Summary: Lucrezia sits vigil at Cesare's beside, watching, waiting, and praying.

Notes: Beta'd by dorothydeath, with my thanks. Any remaining errors are my own responsibility.

Lucrezia sat, and waited, and prayed.

Cesare, her beloved brother, lay unconscious. No explanation could be provided. He'd been found slumped over beside the confessional box, his Cardinal red robes a splash of colour against the grey stone.

The robes had been stripped away of course, replaced now by a white linen nightshirt. The physicians had first probed every part of his naked body, searching for an injury. Lucrezia had been banished from the room, but she knew where to stand and not be seen, knew places to watch from.

Assassination was not uncommon, and even clergy were not safe from the threat – quite the opposite, given the power they commanded – but who would dare strike at the Pope's son? But no cut nor bruise marred his flesh, no blood nor tenderness found on his scalp when fingers were run through his long, soft, hair.

Poison was suggested and every one who had so much as breathed in the vicinity of anything Cesare had eaten or drunk within the last day was rounded up to be interrogated. Juan, angry and hurt, took charge of this, not only due to his position as head of the papal armies, but because this was his brother, and woe betide anyone who laid hands on a Borgia.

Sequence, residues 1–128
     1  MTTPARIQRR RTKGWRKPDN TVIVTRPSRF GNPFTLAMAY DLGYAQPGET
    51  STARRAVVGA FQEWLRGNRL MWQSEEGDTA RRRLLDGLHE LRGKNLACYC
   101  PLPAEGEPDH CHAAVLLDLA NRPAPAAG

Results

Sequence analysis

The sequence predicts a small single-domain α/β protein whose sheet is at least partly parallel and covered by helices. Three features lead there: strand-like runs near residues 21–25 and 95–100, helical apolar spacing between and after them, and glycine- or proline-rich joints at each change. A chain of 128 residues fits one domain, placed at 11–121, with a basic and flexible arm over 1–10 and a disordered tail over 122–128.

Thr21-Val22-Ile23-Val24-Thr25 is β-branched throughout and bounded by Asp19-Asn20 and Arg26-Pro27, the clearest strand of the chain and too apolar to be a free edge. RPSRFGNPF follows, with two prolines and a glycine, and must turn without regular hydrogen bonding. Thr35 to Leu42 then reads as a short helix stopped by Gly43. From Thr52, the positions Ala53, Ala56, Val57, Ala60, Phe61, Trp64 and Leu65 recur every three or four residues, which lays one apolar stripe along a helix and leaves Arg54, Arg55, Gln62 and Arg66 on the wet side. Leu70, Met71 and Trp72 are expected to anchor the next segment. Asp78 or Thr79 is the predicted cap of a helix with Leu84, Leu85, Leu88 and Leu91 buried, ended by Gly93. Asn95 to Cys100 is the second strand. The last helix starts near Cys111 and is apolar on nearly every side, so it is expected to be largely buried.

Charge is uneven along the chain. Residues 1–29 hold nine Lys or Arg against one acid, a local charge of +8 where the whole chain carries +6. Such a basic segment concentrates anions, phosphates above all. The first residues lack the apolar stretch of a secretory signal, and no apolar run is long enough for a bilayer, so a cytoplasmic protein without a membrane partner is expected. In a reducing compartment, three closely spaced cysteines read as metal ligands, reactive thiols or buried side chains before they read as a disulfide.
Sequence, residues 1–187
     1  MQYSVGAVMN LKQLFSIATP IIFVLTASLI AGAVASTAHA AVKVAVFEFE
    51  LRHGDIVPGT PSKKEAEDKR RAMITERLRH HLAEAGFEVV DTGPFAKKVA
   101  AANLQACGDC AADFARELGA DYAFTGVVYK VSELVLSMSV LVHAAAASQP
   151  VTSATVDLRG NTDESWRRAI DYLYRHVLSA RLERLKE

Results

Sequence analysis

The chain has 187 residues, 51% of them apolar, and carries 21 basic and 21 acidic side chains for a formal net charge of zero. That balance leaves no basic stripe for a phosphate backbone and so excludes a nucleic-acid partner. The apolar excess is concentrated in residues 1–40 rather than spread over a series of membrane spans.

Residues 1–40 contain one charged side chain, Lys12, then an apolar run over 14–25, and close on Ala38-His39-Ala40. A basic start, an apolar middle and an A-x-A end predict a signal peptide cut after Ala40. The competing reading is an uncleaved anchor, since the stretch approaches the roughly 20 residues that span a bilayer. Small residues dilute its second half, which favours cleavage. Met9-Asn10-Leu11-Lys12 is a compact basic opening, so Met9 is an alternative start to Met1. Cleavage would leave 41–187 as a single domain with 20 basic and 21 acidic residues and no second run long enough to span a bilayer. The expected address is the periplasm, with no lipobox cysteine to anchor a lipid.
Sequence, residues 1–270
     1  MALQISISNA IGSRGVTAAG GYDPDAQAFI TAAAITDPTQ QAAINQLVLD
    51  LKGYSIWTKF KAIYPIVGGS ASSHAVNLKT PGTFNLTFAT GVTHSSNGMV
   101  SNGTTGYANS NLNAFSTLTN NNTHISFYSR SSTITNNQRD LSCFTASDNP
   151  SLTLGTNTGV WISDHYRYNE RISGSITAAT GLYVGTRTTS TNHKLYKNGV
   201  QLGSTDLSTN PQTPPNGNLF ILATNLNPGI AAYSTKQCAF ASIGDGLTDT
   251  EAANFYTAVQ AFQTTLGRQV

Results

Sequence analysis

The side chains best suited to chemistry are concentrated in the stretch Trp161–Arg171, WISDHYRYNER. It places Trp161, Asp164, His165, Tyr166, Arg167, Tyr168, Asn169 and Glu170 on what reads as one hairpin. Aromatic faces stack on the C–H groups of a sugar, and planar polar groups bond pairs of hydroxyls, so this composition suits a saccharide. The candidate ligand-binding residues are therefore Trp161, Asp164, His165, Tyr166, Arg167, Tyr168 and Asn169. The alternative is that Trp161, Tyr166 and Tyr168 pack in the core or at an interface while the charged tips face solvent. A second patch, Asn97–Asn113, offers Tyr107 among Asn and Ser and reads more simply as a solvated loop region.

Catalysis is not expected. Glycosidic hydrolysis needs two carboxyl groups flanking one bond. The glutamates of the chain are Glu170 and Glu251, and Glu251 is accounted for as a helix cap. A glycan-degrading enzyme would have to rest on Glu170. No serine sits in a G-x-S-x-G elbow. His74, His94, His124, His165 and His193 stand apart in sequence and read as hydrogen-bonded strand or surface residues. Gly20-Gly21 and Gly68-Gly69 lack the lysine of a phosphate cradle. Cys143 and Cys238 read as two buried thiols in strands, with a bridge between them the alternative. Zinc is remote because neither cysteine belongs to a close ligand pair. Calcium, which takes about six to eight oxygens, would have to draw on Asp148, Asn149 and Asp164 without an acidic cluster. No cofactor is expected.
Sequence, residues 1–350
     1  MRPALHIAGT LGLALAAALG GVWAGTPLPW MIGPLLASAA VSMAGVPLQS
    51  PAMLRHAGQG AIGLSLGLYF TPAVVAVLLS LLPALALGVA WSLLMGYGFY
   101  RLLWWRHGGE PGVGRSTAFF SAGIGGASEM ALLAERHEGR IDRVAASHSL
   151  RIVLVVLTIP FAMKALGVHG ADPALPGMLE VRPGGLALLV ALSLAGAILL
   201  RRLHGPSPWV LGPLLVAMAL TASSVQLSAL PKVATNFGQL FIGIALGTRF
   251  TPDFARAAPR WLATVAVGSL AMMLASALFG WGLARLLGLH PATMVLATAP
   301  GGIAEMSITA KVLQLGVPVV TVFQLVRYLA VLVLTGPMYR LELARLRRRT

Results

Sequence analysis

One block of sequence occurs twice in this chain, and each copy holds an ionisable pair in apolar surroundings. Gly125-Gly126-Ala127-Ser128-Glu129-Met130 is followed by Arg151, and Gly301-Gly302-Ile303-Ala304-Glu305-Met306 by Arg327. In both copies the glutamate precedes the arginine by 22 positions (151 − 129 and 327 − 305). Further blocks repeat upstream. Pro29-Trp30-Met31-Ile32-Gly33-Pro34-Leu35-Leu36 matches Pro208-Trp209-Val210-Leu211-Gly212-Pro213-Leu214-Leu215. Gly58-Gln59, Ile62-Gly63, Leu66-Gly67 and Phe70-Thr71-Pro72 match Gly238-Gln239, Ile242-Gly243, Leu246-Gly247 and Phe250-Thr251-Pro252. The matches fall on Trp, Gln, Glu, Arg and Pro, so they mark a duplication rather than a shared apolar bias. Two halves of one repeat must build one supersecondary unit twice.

Some sudden illness, someone proposed. There was no fever, however, nothing to give some clue as to the ailment and thus suggest a remedy. Sometimes people just died for no discernable reason save God's will, a physician said. He'd fled the room under the Pope's furious gaze.

While the healers argued amongst themselves and left to consult their books, the Pope had stayed behind. He had sat in the seat Lucrezia currently occupied for some time, praying, and clutching at Cesare's limp hand. Mother had sat on the floor, her head in Father's lap. He'd leaned over and kissed her hair sometimes, the only physical comfort he could now provide to the mother of his children.

But the Pope had duties, and those duties were of more importance than even a son who might be dying. He'd pulled Mother to her feet and she'd taken the vacated chair. Lucrezia had slipped into the room and watched as she spoke softly to her son, telling him how much she loved him, how proud she was of him. Lucrezia wept silently, convinced that this was her way of saying goodbye, that Mother believed Cesare was already lost to them.

"We must have faith," Mother had told her. Lucrezia had merely nodded.

Darkness drew in and Gioffre had come to find his mother. These events were both confusing and overwhelming to him, and he had refused to go to bed. Mother held him on her lap for a few minutes, something he'd not tolerated for years, considering himself too grown up for such affection. Finally she took her youngest son away, telling him there was nothing more they could do here, that Cesare was in God's hands.

Finally, Lucrezia was alone at last with her brother, the one person who truly understood her. She kissed his forehead, but he did not stir.